I don't know what size hard drive the Masterlink ships with now, but ours was a puny 4.3GB unit. Get a 20-30GB drive (5400 rpm is fine, but 7200 if you prefer) and stick that puppy in and you can store a LOT of mixes in there! Remember, just because you remove a song from a playlist, it isn't erased, the audio file is still on disk! Yes, you will void your warranty, so wait 90 days or whatever and then do it. You will basically have to remove every screw in the unit to get the hard drive out, but the mod is well worth the trouble.

    Have fun with your new toy!
  5. anonymous

    anonymous Guests

    Feb 10, 2001
    I mix listening to the D/A of the Cranesong Hedd clocked to the house w/c (Apogee), I can A/B to a commercial CD on the masterlink (also clocked to the house w/c)

    A = my mix via Hedd
    B = CD via Masterlink outputs

    I have and can re set it up so the A/B is done via the same A/D's as well, thanks for reminding me... I should see about doing that again...

  6. Mad John

    Mad John Active Member

    Nov 25, 2001
    Old House Scott,

    Thank you for the helpful responce! Maybey you could tell me what the deal is with takeing your Hard Drive mix to 96K/20 bit and then haveing it converted to the regular Cd Red book format?

    What I am not clear on is that most music is placed on CD right? Everything on Cds are brought to 16 bit/ 44.1k , I was under the impression that there was a "Mastering advantage" to bringing the sound source up on the drive. My thought was that something at a higher rate was being done to the treatment of the material in the Hard drive , where it then could be "translated" to 16 bit CD.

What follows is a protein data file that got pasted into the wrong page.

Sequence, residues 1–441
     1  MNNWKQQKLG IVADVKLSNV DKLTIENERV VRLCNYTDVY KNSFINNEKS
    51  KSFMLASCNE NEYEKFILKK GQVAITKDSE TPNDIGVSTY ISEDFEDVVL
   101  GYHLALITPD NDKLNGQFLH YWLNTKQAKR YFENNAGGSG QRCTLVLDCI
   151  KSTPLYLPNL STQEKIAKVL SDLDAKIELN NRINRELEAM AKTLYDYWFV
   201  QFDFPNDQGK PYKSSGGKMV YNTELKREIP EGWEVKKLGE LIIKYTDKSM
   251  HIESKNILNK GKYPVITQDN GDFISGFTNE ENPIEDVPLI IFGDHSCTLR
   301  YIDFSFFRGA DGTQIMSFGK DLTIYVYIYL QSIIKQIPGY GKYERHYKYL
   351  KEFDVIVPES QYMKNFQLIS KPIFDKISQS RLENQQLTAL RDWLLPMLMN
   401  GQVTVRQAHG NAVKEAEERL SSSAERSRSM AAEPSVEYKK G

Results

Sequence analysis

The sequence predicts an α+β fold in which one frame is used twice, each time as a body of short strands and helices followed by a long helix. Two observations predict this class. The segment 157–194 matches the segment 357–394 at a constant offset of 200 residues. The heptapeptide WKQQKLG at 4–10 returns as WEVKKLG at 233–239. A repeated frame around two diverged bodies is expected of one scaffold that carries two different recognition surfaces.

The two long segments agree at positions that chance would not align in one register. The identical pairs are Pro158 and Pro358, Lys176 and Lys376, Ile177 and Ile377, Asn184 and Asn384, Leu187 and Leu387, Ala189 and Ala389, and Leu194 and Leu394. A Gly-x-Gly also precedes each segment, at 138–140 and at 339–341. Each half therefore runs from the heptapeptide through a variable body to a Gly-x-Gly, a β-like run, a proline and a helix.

I know not any other reason for haveing the 96K and 20 bits , if we can not apply these atributes to our own sonics!

    Does any one understand my delima?

    Mad John
    Zythum Studios

    "The present day Composer refuses to die!" - Edgar Varese - 1921
  7. mixfactory

    mixfactory Active Member

    Apr 22, 2001
    What I normally do is I record to the Masterlink at 88.2K or 96K(24 bits) through a Cranesong Hedd 192 clocked directly from the Hedd through AES. I deliver a CD24 format to the mastering engineers. They prefer it this way, if any processing will be incured after. If you are doing the pre mastering yourself, your best bet is to do the same, Finalizer at 96K to the Masterlink at 24bits. Then do the conversion in the Masterlink. I've dithered down in different ways and done many comparisons between different formats(Digidesign,CraneSong Hedd,finalizer,etc). What I learned is that I get the best results when I do the conversion within the unit itself, 96kor 88.2K 24bits to 16bits 44.1K(Masterlink). It keeps the integrity of the original mix much better this way, then dithereing it before hand. I think your question would be better on the mastering forum.
  8. planet red